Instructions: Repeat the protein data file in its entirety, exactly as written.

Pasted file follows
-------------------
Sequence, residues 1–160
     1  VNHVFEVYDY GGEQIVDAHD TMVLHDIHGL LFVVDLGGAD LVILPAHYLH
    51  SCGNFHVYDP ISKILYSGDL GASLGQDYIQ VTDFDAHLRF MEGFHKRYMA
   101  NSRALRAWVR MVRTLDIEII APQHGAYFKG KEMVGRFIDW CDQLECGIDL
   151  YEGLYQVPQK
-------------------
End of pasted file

Sequence, residues 1–160
     1  VNHVFEVYDY GGEQIVDAHD TMVLHDIHGL LFVVDLGGAD LVILPAHYLH
    51  SCGNFHVYDP ISKILYSGDL GASLGQDYIQ VTDFDAHLRF MEGFHKRYMA
   101  NSRALRAWVR MVRTLDIEII APQHGAYFKG KEMVGRFIDW CDQLECGIDL
   151  YEGLYQVPQK